Wednesday, 26 September 2018

A Stormy Evening

Wednesday 26 September

Growing up on a farm, I soon learnt to spot storm clouds. On reflection, I recall that they regularly rolled in just as milking was about to start, around 4pm, or as a high school student, when I had to make the ten minute dash from school to railway station.

I was extremely nervous of them. My bedroom curtains would be closed and I would hide my face under a pillow. When I was about five, lightning struck a tree near our garage 60 m from the house. Thankfully the burning tree caused no damage to the building. At about 12 years old, a storm rolled in just before milking time and I bravely sat on the verandah with my parents, watching . It was a spectacular storm. I felt incredibly brave, until the Weather Gods threw in the drama of a fireball flashing through the sky and descending on the far side of our 90 acre property. As a teacher in the junior school, I soon had to learn to mask my fear when early afternoon storms rolled in. As a mother, that still wasn't easy.

Eventually I learnt to relax and enjoy these magnificent light displays. I've now lived in the city for 37 years but when its dry, I still yearn to see the white anvil cloud darken, an listen for its distant thunder. I eagerly watch our radar site to watch for formation and progress of any storms.

Like so much of Eastern Australia, drought hovers. Watching the radar late yesterday afternoon, we could see that areas to the south east of us would receive heavy falls, but our chance of any was slim.
Joy of joys, that scenario rapidly changed. Our first spring storm arrived with driving rain, small hail and non damaging wind around 6pm. 21 millimetres filled the gauge and several other minor cells that rolled by during the evening, added to the total. My garden rejoices!

The hail on our pool cover.

Belatedly adding these photos of the same storm at Beaudesert, 45 km away and Tenterfield 255 km. We had driven through Tenterfield on Monday afternoon. So glad it wasn't a stormy day then.

And 12 hours later, the hail was still on the ground.

Today was hiking day with the Hungry Hikers. Our meeting point was King George Square, Brisbane, which was serendipitous. We discovered that we could not only enjoy the famous 'Ekka strawberry icecream' but in so doing also support our strawberry farmers, who have been doing it extremely tough. Drought, low prices and then someone with nothing better to do, added a few needles into packaged strawberries, resulting in recall and then frightened customers.

Apologies for the following layout. I had copied and pasted an article, then deleted but the format won't change. I'm short on time to try and fix things.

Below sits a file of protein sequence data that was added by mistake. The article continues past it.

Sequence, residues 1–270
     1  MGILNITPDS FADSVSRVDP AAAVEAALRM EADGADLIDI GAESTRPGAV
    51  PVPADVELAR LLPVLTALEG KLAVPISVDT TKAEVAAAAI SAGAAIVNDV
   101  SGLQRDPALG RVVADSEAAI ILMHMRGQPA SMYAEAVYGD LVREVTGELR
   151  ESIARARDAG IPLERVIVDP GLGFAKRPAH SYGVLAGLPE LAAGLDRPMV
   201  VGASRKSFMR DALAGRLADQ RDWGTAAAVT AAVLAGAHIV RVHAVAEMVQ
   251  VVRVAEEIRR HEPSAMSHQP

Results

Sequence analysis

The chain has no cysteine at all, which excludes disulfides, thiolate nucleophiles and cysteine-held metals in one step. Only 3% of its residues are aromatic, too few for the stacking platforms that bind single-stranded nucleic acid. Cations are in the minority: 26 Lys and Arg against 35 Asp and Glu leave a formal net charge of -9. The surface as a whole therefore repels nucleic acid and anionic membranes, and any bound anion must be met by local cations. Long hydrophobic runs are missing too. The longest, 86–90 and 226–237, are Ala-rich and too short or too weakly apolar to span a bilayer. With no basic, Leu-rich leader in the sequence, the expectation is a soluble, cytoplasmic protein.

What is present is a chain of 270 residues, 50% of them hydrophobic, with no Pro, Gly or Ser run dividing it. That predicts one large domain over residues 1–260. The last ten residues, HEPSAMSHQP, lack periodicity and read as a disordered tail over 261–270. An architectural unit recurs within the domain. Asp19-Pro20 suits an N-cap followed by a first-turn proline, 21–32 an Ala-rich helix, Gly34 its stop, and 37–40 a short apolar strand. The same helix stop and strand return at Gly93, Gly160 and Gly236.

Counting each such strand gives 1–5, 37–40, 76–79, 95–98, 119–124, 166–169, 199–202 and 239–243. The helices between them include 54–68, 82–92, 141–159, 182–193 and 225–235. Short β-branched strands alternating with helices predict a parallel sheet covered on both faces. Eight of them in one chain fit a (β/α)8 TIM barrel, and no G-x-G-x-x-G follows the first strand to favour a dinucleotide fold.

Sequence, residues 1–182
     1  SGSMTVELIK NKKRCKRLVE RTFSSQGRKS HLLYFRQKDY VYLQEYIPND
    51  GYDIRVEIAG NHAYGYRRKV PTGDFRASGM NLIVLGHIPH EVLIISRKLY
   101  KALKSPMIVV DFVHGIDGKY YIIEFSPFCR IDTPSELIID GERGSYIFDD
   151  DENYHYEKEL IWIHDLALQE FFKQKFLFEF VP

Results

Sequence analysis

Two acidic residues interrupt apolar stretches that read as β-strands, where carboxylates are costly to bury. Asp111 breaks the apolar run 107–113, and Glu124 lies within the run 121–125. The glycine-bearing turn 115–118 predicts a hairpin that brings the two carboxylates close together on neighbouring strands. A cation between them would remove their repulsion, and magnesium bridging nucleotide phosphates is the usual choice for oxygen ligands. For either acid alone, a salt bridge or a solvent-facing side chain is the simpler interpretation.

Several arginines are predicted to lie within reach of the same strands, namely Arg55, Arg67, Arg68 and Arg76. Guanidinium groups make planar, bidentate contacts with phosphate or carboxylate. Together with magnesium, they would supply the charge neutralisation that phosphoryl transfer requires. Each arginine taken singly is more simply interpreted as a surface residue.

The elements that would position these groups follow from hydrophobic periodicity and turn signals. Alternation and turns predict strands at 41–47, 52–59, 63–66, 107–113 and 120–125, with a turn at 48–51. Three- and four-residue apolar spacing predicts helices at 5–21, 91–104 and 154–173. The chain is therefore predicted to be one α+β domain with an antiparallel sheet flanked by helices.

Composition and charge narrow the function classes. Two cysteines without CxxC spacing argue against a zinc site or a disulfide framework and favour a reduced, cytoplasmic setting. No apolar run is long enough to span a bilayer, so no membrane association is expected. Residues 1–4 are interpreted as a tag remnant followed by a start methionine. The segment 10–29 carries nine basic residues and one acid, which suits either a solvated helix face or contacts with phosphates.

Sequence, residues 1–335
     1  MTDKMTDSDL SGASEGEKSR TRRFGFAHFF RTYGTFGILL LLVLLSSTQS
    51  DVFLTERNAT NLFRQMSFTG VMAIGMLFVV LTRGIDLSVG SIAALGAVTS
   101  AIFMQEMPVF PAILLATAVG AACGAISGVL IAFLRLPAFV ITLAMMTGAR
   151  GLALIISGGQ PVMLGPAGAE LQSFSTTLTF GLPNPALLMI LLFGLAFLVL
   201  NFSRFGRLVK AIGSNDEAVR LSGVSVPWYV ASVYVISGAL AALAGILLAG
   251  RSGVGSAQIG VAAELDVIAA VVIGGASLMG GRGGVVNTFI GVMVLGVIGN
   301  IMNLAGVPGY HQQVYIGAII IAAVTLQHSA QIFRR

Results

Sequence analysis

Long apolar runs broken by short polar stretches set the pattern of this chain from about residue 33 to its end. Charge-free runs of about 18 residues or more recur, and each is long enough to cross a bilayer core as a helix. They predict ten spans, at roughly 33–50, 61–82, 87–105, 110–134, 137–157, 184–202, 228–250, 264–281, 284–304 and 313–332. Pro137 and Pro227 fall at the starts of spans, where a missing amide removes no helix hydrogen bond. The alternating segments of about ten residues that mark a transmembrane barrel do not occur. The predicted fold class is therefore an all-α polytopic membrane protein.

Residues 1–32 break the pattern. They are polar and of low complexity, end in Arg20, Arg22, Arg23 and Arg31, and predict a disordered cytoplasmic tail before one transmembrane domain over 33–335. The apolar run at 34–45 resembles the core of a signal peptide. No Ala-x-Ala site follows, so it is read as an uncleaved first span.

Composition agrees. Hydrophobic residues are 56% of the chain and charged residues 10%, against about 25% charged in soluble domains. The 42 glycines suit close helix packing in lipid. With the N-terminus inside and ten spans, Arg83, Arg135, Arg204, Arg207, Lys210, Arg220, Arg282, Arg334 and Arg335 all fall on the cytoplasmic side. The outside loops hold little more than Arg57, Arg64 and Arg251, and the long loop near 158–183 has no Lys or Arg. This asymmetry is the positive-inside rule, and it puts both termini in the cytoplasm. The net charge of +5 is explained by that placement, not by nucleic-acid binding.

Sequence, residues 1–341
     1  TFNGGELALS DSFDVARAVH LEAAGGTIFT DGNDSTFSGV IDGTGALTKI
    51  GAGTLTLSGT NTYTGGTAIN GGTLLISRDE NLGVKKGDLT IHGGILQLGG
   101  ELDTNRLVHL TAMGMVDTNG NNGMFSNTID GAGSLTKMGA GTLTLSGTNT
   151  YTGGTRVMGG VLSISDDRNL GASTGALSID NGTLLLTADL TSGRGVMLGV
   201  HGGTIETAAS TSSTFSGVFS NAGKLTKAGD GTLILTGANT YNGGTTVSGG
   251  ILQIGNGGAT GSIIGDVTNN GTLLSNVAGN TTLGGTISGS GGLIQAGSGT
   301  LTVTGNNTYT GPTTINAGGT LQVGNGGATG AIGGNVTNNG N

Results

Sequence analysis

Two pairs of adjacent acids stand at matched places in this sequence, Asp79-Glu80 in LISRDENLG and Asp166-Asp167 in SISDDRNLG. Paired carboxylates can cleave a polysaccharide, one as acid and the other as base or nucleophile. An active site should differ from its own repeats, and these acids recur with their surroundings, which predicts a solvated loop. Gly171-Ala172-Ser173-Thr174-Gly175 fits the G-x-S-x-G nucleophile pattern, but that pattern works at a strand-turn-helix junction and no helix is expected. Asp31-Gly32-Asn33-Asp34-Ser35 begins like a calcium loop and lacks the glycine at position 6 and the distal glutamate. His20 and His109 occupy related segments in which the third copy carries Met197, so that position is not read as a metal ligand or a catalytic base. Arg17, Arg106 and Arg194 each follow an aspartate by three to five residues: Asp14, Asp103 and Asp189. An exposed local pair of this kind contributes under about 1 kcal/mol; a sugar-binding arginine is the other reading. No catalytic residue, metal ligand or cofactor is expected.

So not only did the Hungry Hikers support the farmers this morning, they were interviewed by ABC 612 am radio, and managed to be on Ch 7 News albeit in the background. A fantastic start to our city hike.

People were drawn by the thousand, tempted by the lure of the famous Ekka strawberry sundaes and the opportunity to support farmers devastated by the strawberry contamination scare.

More than 14,000 strawberry sundaes sold out by mid-afternoon on Wednseday.
More than 14,000 strawberry sundaes sold out by mid-afternoon on Wednseday.
Photo: Facebook/ABC Brisbane

But by mid-afternoon on Wednesday, the pop-up stall organised by the Prince Charles Hospital Foundation in Brisbane's King George Square had sold out of sundaes, selling more than 14,000, and using up 700 kilograms of strawberries.
Strawberry grower Mandy Schultz and her 12-year-old daughter Madeleine travelled from the tiny town of Wamuran, west of Caboolture, to shake hands with people and chat about their plight.
“It’s been really hard for us since this happened,” Madeleine said.
“We just wanted to come out and say thank 
you to everyone.

My ticket was no.2656. The queues were just beginning at 9 am.

I would love to read your comment.


  1. Darn those ice cream pics! Now I want one. I too love watching storms. As long as I am not out on a ridge someplace.

  2. Fantastic photos of the clouds! I grew up watching thunderstorms, but we don't get them much here in Oregon. And I'm okay with that.

  3. One day about a week ago there was one HUGE thunderclap over our house. I didn't see any lightning, and further thunder was quite some distance away. I was the loudest thing I've heard since I went to that Led Zeppelin concert 40 years ago! I want some of that ice cream too!

  4. Wow - what amazing and beautifully dramatic skies! Glad you finally got some rain.

  5. As a kid in Queensland I loved the afternoon storms. They just don’t happen like that down south. Ekka strawberries ... what a treat to be able to get them without having to go to the Ekka.

  6. Storm clouds are welcome when you're in the midst of a drought. I'm glad the hail wasn't bad where you are located.

    Thanks for supporting those strawberry farmers. It's a tough job, but someone has to do it, right?!

  7. I love watching thunderstorms so long as I'm not out hiking in the mountains. I've been out in them a couple of times and being "in" a thunderstorm rather than under one as it were is a truly terrifying experience! Great photos of those dark clouds and hail
    What kind of people sabotage a food product like that - absolutely despicable :(

  8. The content of your blog is exactly what I needed, I like your blog,
    I sincerely hope that your blog a rapid increase in traffic density,
    which help promote your blog and we hope that your blog is being updated.